If one were to add to these the closing of the Center "Viezha" from Brest, and of the following youth organizations: "Hart" of Homiel, "Kontur" of Viciebsk, "The Association of Belarusian Students", "The Youth Information Center", "The AHP Youth", and the loss of an official status by the largest youth organization "Malady Front", which were accomplished just prior to 2003, the conclusion that a new wave of repressions against the NGOs has taken place, is inescapable.
There is a similarity between the repressions of the first and the third waves. They were both directed against the most effective NGOs, and particularly against those that in 1997 opposed the regime during the so-called ?Constitutional Referendum", and those that opposed the fraudulent presidential re-election of Lukashenka in 2001. The regime was using the services of the Justice Ministry and the subservient courts to exact its revenge on its opponents. However, in the 2003 third wave, the regime?s actions were, by comparison, ridiculously absurd.
For example, the previously mentioned "Varuta" was liquidated for having used in its name the word ?organization?, rather than the officially approved ?association?. "Ratusha" was liquidated for publishing without a special license, costing approximately $1,500, a prohibitive sum for a Belarusian non-profit NGO. The Youth Christian Social Union was liquidated for accepting members from an unregistered organization and for adding to its name the words ?Young Democrats. The use of unapproved stationery was the reason for liquidating the "Civic Initiatives".
Politically motivated revenge was clearly the reason for liquidating the "Legal Assistance to the Populace", and the Human Rights Center "Viasna". Among their alleged crimes was the participation of the first in court cases dealing with the disappeared political figures, and the second, "Viasna", for helping to organize independent observers during the last presidential election. A classical example of political revenge was the closing of the Independent Center of Legal Research. Its lawyers were particularly active in helping the NGOs to register and to re-register in 1999. The revenge came four years later. For defending the Horadnia based "Ratusha", the Minsk registered lawyers? group was charged with 'practicing outside of their territory'. Additional ?compromising material? were their articles in an unregistered publication, where they gave advice on how to prepare for 'financial inspections'. These articles were viewed by the judges 'as creating obstacles for governmental bodies in conducting inspections'.
Alongside the widespread official liquidation of authentic NGOs, came decree calling for the formation of GoNGO (Governmental Non-Governmental Organization). President Lukashenka signed in August 2003 Decree No. 335 on the formation of "The State-Civic Associations of the Republic" that will 'perform tasks important to the State?, while being funded by the Government. The pro-Presidential "Belarusian Republic?s Youth Union?, the Pioneers, the official Journalists' Union fall into this category, as well as various other remnants of former Soviet civic organizations. The formation of such state-civic organizations is now viewed in the world as a trademark of totalitarian or authoritarian political systems. The 57th U.N. General Assembly considered the formation of Governmental NGOs as damaging to the establishment of truly non-Governmental organizations.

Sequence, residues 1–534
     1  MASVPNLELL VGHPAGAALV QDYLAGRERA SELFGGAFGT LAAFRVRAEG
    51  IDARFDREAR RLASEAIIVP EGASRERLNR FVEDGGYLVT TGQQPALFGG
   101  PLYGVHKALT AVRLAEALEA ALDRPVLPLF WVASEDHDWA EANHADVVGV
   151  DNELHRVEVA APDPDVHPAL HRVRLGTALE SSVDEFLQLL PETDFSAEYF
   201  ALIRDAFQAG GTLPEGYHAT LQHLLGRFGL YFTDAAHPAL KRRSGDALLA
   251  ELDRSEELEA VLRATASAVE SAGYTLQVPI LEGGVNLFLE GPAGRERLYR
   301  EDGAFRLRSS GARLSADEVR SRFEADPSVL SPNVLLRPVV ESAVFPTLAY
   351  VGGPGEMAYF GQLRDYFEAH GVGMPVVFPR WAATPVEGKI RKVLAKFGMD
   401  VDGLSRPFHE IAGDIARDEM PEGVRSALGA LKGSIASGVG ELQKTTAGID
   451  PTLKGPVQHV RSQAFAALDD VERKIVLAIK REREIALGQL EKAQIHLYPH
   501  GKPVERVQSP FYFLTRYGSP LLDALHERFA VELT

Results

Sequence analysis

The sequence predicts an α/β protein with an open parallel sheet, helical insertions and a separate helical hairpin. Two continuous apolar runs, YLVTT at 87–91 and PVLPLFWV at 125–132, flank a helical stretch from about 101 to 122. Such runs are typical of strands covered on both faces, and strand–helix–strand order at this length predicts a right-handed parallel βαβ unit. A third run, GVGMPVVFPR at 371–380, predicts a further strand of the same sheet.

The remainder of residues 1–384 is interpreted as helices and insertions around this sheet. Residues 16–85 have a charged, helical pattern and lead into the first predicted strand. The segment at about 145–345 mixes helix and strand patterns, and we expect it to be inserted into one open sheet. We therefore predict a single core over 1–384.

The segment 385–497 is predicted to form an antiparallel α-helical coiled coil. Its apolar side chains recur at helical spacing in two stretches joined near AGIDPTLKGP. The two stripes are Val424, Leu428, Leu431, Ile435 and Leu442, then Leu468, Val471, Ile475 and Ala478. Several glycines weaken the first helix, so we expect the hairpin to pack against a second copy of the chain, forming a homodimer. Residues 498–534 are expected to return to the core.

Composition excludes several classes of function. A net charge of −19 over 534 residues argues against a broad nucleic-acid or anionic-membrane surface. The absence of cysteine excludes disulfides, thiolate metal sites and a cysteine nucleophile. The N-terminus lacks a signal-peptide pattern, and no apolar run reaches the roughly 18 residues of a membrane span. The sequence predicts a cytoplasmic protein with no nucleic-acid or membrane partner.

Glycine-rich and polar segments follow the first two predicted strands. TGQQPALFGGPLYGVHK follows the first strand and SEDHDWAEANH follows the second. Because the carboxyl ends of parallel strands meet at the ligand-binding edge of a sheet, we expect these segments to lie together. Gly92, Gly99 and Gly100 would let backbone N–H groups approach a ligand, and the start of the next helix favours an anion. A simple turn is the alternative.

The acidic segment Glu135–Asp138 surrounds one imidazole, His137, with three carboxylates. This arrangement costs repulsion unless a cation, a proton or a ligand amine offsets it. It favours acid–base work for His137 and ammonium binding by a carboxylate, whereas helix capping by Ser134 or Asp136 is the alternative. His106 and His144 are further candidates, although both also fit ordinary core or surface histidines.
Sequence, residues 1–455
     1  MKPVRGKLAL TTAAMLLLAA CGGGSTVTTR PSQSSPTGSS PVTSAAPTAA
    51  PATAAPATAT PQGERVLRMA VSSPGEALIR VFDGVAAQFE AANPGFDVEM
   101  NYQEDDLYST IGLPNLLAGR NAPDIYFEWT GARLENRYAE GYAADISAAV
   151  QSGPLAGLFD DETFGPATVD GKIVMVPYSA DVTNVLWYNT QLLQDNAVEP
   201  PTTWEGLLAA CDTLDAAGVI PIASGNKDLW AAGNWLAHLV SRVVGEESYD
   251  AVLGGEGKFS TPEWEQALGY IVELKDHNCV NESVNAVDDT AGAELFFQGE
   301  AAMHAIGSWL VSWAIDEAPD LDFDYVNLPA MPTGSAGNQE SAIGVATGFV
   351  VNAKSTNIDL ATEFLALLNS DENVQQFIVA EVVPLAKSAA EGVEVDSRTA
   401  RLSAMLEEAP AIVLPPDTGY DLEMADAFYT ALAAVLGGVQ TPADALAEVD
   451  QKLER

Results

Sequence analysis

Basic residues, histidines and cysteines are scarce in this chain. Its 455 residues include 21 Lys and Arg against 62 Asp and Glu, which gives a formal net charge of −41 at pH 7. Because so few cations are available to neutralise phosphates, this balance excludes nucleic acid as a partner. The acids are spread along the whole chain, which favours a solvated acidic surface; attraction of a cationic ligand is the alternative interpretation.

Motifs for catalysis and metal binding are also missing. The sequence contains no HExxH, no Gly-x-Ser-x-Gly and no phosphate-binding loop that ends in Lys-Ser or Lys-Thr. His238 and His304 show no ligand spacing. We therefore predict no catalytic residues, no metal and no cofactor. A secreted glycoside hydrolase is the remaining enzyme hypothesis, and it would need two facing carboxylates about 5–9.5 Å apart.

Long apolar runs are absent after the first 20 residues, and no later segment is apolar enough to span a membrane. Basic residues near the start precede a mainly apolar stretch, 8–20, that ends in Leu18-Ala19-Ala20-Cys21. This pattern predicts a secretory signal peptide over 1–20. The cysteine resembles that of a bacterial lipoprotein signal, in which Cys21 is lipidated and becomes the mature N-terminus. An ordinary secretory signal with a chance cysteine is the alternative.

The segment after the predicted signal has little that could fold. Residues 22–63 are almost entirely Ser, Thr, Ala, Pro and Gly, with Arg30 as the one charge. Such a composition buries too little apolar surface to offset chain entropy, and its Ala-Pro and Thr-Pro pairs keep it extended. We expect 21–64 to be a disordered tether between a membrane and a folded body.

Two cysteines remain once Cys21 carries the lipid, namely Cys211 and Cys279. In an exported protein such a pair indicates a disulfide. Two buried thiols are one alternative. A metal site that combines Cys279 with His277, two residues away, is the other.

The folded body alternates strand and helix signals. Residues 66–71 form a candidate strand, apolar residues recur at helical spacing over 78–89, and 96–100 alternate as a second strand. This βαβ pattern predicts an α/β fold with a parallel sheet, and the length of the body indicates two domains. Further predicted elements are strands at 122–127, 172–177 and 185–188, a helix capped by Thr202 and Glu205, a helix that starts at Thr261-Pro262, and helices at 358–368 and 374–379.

The current anti-NGO campaign has adopted a tactic of issuing administrative warnings to a broad range of NGOs. Since the receipt of two or more warnings for minor infractions can result in an automatic liquidation, many NGOs exist under a suspension threat, which tends to paralyze their activity. The Ministry of Justice issued 121 written warnings in 2002 to political parties and NGOs. The number issued in 2003 will undoubtedly be much greater.
Finally, when new organizations are founded by persons known for their oppositional, or simply civic activity, the authorities refuse to register them. Such was the fate of the Association of Civic Organizations "Asambleja" (The Assembly) last October.
The combination of the above mentioned tactics, i.e. liquidations, formal warnings and the refusal to register, can be used at an appropriate time to block the activity of the most effective organizations by making them subject to criminal prosecution as 'un-registered entities'. For instance, such an appropriate time could be prior to a contemplated referendum that would extend the President's term in office. All these actions by the government can be viewed as ingredients of an undeclared war against the NGOs.
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On 29 April, 2003 at a meeting of members of the Assembly of Belarusian Democratic NGOs it was decided to start a campaign named Our Solidarity. An initiative group was formed, composed of major Minsk and regional NGOs. The declared goals of the campaign were the demonstration of solidarity with NGOs threatened with liquidation, and the counseling of other NGOs on how to avoid forced liquidation.